Managing Geese in Virginia

Migration reflects the discovery by a species, over time, that there are "easier pickings" in another location at a different time of year. Canada geese did not migrate north from Virginia each Spring 18,000 years ago, when the glaciers covered Canada. As the ice melted, however, some of the geese living south of the glaciers explored the newly-exposed landscape and found high-quality habitat for nesting and raising young goslings.

Those who nested in the new habitats south of the glaciers had a relatively high percentage of offspring who survived. Those geese that continued to nest in the old habitats produced young birds as well, but not as many as the relatives who were migrating.

The summer habitat in the north was better - more young birds survived up there, despite the risks associated with flying back and forth twice a year. Ultimately, the vast population of geese in the winter feeding grounds were those who had been born in the north. The non-migratory part of the population diminished, and geese (and other species) developed regular migration paths known today as "flyways."

Once colonial settlers arrived in North America, the Canada goose faced a new predator that harvested a high percentage of the migrating birds. In the 1930's, hunters worked with the Roosevelt Administration to establish a special fee for hunting migratory waterfowl (the "Duck Stamp") and funded creation of the National Wildlife Refuge System. Ducks and geese are hunted at the refuges, such as Chincoteague National Wildlife Refuge in Virginia, but the length of the hunting season is managed to ensure a steady population of birds.

flyways of North America
Source: US Fish and Wildlife Service

Restoration of the Canada goose population has been a major wildlife management success story. Until the 1960's, the "honk" of a Canada goose was a special moment in most of Virginia. However, during restoration efforts over the last century, "resident" Canada geese that do not migrate during the summer have been established in the Atlantic Flyway.

The resident geese occupy new habitats - golf courses, office parks, and suburban parks. If a stormwater management pond includes an island, where raccoons and foxes are unable to get to the next, then the reproductive success of the resident geese can be very high. The unattractive cylindrical droppings of geese cover sidewalks and ballfields at schools and parks.

baby geese (goslings) on Pandapas Pond (Giles County)
baby geese (goslings) on Pandapas Pond (Giles County)

The geese are stuffing themselves all summer long on grasses, enjoying the quality habitat in suburbia without having to fly back and forth. Generations of goslings hatched in Virginia, rather than Canada, mimic the behavior of their parents and stay in Virginia during the entire year. Why migrate, when they have all the goodies in one place?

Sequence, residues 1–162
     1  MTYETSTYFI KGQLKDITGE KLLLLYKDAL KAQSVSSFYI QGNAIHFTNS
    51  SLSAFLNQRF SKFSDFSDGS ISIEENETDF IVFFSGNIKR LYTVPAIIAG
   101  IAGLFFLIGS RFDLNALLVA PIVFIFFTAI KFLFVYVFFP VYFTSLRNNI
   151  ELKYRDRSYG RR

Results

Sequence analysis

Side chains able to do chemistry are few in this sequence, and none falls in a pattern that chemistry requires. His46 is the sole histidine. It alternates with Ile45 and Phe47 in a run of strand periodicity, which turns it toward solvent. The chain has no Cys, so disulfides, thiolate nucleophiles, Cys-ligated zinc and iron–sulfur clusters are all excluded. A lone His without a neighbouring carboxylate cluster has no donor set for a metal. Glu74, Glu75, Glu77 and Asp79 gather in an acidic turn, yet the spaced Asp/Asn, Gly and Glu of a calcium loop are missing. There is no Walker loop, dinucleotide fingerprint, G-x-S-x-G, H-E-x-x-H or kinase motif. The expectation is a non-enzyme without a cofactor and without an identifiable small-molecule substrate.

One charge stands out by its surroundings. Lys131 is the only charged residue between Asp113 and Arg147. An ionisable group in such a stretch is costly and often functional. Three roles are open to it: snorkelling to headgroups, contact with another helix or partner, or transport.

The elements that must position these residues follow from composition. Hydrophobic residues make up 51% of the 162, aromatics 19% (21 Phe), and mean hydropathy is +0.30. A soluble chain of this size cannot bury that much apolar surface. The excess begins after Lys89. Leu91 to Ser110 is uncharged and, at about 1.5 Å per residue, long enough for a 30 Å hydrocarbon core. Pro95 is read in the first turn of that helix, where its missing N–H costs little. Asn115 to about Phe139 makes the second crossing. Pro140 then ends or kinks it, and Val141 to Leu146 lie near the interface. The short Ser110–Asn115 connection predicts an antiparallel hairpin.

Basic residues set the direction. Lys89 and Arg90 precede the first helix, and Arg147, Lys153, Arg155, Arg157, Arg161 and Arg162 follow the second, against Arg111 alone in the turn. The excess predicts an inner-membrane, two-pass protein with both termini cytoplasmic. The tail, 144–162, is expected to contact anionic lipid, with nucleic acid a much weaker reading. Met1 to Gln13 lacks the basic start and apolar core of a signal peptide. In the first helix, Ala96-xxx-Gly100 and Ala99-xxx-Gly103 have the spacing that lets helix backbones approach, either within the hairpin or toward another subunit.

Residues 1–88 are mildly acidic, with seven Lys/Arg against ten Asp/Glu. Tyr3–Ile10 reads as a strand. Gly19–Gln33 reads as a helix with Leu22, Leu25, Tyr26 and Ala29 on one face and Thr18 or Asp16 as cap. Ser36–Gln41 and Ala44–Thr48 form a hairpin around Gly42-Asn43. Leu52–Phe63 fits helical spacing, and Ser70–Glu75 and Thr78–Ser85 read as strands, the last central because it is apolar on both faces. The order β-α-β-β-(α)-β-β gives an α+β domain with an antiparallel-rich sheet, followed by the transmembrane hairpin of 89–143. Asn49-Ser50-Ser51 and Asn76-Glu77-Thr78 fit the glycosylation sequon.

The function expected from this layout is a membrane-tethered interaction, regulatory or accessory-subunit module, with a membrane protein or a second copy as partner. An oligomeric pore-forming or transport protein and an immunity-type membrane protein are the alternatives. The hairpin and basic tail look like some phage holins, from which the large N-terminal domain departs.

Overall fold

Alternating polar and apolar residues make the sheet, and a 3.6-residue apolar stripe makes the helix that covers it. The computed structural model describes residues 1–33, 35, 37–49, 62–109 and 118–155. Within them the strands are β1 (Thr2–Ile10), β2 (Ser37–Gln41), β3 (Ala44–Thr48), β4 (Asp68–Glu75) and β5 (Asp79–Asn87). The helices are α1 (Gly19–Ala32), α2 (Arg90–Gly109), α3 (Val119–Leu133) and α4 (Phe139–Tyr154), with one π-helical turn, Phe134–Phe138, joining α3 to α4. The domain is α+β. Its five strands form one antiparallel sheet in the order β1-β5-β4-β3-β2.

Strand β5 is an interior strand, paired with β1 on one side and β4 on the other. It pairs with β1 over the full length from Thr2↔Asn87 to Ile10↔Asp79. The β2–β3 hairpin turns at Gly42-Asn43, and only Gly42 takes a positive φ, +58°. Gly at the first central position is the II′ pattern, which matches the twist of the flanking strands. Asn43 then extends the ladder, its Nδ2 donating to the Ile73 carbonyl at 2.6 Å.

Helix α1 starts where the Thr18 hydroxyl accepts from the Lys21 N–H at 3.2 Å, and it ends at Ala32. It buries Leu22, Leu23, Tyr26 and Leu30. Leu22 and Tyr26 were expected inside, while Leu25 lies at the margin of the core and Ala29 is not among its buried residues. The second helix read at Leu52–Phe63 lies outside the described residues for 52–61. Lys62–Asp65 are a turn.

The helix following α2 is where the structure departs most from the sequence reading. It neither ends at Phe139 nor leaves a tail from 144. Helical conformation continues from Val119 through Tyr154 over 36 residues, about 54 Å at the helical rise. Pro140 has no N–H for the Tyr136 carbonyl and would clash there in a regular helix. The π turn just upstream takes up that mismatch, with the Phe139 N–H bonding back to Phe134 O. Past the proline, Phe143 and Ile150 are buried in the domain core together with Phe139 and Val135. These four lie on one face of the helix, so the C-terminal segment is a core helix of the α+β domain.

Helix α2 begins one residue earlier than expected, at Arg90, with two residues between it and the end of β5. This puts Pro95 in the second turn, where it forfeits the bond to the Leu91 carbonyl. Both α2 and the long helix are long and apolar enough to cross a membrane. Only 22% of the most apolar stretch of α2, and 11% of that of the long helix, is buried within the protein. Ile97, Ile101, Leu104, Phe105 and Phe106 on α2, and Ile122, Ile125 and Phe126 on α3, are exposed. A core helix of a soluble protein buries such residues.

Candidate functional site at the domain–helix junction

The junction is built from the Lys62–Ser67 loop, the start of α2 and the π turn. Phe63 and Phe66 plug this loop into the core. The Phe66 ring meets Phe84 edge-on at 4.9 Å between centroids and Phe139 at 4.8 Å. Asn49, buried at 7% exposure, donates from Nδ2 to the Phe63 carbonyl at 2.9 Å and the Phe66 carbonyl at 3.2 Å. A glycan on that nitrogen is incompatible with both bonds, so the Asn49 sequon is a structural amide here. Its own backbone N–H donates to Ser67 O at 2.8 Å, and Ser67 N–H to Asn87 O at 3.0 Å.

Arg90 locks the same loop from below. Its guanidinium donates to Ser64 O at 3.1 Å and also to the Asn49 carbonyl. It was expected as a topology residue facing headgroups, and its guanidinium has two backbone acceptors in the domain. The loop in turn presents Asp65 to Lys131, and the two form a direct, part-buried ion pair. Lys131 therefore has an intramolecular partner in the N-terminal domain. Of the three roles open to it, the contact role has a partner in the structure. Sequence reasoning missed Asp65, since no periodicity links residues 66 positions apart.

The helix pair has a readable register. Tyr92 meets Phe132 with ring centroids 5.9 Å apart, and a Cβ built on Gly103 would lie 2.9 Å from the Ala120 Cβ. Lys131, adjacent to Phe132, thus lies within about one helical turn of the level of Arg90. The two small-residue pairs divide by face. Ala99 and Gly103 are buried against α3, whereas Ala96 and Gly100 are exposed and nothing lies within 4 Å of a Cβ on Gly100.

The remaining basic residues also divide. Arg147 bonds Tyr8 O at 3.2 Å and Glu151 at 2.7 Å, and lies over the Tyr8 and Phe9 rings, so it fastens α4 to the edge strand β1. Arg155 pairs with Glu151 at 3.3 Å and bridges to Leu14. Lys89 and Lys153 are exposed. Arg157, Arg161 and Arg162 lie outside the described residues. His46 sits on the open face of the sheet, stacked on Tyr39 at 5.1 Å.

The high number of Canada geese during the summer months is now a health and esthetic problem in Virginia. The stay-home-and-eat-grass-at-the-office-park geese are now so numerous, they have become "nuisance geese." George Mason University brought in border collies from Windchazer in 2006, to chase away the geese that were cluttering up the Fairfax campus. Other proposals for reducing the excessive goose population include destroying nests in the Spring before eggs are laid, coating eggs to prevent hatching, and special hunting seasons to harvest resident geese before the migrants arrive in the Fall.

Capture-and-euthenasia is practiced as well. Capture-and-release-in-another-location is not viable, because there are no locations where resident Canada geese would be welcome and are not already present. There is no unoccupied habitat in Virginia that could be stocked with transported, non-migratory geese.

adult geese swimming in stormwater pond during the summer
adult geese swimming in stormwater pond during the summer

The objective of the harassment is to shift the population balance so migrating geese will remain in the majority. The US Fish and Wildlife Service (FWS) is the Federal agency responsible for managing migratory birds. In the "Atlantic Flyway Resident Canada Goose Management Plan," the FWS proposed reducing the population of resident geese by roughly 50% (from 1.1 million birds in 1999 to 650,000 birds in 2005).1

The reduction in the percentage of non-migratory geese must be accomplished before the resident Canada geese are the only ones left. Right now, geese that spend the winter in Virginia migrate to three nesting areas in Canada. If the population with the migratory instinct is lost, it may never be restored among wild birds. The circumstances where migration was a good adaptation were based originally upon the retreat of the glaciers. Federal and state agencies are willing to go to extremes now to ensure that "memory" is not lost.

Canada geese migrate north from Virginia to three destinations
Canada geese migrate north from Virginia to three destinations
Source: Virginia Department of Game and Inland Fisheries (DGIF), Canada Goose Harvest Management

Links

why migrate, if there is food and breeding habitat now in suburbia?
why migrate, if there is food and breeding habitat now in suburbia?

References

1. "Atlantic Flyway Resident Canada Goose Management Plan," US Fish and Wildlife Service, July 1999, http://www.mdwfa.org/flyway/CAGO_RPManagementPlan.pdf (last checked September 18, 2011)

metal cutout of dog swinging on spring, used to protect newly-planted grass from Canada geese at Tyler Elementary School (Town of Haymarket)
metal cutout of dog swinging on spring, used to protect newly-planted grass from Canada geese at Tyler Elementary School (Town of Haymarket)


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